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Sailors assigned to the Arleigh Burke-class guided-missile destroyer USS Carney (DDG 64) stand watch in the ship’s Combat Information Center during an operation to defeat a combination of Houthi missiles and unmanned aerial vehicles, Oct. 19. U.S. Navy Photo

Sailors assigned to the Arleigh Burke-class guided-missile destroyer USS Carney (DDG 64) stand watch in the ship’s Combat Information Center during an operation to defeat a combination of Houthi missiles and unmanned aerial vehicles, Oct. 19, 2023. U.S. Navy Photo

U.S. Confirms New Military Strikes in Yemen, Houthis Hit Bulk Carrier

Mike Schuler
Total Views: 15332
January 16, 2024

The U.S. has confirmed new military strikes in Yemen ahead of another successful Houthi missile strike on a Greek-owned, Maltese-flagged bulk carrier and another suspicious approach by small boats in the Southern Red Sea.

U.S. Central Command said at approximately 4:15 a.m. (Sanaa time) on Tuesday, U.S. Forces struck and destroyed four Houthi anti-ship ballistic missiles prepared to launch from Houthi-controlled areas of Yemen.

Hours later, at approximately 1:45 p.m. (Sanaa time), Iranian-backed Houthi militants launched an anti-ship ballistic missile into international shipping lanes in the Southern Red Sea. The Maltese-flagged M/V Zografia reported they were struck but seaworthy and continuing their transit.

The ship, which is empty of cargo, was transiting northbound in the Red Sea from Vietnam to Israel when it was hit approximately 100 nautical miles northwest of the Yemeni port of Saleef. There are injuries reported among the ship’s 24 crew members.

Equasis data shows the Zografia is owned by Bonneure Shipping Corp based in Pireaus, Greece.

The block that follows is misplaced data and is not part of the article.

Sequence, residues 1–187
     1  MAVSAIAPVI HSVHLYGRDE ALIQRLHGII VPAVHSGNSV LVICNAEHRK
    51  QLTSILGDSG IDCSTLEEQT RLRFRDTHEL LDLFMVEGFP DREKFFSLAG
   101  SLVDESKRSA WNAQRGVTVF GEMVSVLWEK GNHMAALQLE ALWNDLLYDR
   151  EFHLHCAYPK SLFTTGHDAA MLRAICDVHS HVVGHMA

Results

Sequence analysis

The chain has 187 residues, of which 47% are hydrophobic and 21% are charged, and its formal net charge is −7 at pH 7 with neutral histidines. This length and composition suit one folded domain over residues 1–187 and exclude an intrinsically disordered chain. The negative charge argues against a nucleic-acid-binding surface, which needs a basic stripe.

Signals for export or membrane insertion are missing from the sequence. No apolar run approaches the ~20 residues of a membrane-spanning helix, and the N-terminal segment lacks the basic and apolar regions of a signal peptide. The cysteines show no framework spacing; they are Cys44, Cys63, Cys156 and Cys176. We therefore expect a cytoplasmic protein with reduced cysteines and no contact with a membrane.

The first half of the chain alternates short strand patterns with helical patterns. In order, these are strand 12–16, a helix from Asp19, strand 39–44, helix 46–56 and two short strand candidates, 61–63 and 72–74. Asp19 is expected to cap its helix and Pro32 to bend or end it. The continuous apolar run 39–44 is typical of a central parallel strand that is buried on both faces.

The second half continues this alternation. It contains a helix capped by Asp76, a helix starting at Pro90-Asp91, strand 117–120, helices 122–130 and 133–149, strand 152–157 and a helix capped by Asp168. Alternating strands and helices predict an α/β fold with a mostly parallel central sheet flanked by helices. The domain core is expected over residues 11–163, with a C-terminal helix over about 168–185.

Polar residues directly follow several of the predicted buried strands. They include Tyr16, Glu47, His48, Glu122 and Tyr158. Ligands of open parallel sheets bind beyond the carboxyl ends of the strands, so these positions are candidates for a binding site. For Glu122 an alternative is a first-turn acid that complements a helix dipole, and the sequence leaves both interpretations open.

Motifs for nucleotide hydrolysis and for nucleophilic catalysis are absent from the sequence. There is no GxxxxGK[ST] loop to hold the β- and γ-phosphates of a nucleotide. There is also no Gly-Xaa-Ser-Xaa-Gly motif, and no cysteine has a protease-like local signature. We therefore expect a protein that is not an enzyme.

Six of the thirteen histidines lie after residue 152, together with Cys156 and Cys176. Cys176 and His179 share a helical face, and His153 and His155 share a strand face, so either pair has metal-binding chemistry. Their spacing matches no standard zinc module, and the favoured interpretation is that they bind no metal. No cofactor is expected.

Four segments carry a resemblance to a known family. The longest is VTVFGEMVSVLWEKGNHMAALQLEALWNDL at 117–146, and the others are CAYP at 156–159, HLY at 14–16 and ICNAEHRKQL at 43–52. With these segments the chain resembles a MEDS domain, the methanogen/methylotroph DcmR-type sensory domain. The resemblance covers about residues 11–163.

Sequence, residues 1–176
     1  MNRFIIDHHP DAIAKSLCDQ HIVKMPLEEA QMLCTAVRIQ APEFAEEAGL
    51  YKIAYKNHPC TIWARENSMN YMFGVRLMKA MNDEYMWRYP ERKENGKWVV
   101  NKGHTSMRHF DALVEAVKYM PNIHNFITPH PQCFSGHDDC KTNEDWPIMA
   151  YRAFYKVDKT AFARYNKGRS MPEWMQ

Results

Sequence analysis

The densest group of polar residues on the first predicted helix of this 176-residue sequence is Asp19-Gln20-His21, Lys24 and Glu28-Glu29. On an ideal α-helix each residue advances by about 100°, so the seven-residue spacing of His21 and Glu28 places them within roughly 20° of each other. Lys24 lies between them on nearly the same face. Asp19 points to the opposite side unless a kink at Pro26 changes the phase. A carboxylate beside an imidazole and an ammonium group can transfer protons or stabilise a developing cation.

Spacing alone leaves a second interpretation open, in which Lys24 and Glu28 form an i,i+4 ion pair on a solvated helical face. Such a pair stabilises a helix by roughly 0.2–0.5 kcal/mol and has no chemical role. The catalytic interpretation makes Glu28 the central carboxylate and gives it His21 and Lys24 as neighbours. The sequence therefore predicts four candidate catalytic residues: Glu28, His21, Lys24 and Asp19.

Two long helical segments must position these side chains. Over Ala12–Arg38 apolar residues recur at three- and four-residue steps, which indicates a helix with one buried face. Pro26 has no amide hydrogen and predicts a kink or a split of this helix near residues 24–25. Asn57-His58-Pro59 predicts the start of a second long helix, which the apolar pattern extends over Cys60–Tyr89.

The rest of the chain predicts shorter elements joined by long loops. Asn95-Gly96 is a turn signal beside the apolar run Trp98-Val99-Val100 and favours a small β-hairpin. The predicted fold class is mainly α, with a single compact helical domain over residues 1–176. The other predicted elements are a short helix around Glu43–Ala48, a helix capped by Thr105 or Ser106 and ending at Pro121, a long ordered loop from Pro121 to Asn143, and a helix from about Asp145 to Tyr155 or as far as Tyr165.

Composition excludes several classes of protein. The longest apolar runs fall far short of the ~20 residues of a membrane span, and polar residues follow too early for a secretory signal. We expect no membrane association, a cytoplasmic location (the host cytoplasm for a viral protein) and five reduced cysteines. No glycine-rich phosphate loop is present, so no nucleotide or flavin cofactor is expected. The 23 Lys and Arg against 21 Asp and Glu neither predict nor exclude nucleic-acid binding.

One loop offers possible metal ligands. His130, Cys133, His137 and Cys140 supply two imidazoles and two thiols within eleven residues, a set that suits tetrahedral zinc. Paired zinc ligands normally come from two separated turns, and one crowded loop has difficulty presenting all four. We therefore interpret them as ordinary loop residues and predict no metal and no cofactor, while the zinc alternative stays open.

In a second incident reported today by the UK Maritime Trade Operations (UKMTO), a vessel was approached by four suspicious small craft in the Southern Red Sea. The craft came within 400 meters of the vessel but departed the area after the ship’s armed guards fired warning shots into the water.

The incidents follow a successful missile strike on the M/V Gibraltar Eagle, owned by U.S.-based Eagle Bulk Shipping (NYSE: EGLE) on Monday in the Gulf of Aden.

Today’s military strikes by the U.S. follow joint strikes on multiple targets in Yemen by the U.S. and UK last Thursday and an another strike on Friday by the U.S. on Houthi radar systems.

The Houthis seem undeterred by the strikes as they continue attacks unabated. Meanwhile, Houthi leaders have threatened U.S. and British ships and warships are considered potential targets in addition to Israeli-linked and -bound ships.

Meanwhile, the U.S. Navy has announced a significant seizure of Iranian weapons destined for Houthi forces in Yemen, marking the first confiscation of such advanced conventional weapons (ACW) since the Houthis began attacking merchant ships in November 2023. The operation took place in the Arabian Sea, near the coast of Somalia, on January 11, 2024, and tragically resulted in the loss of two U.S. Navy SEALs.

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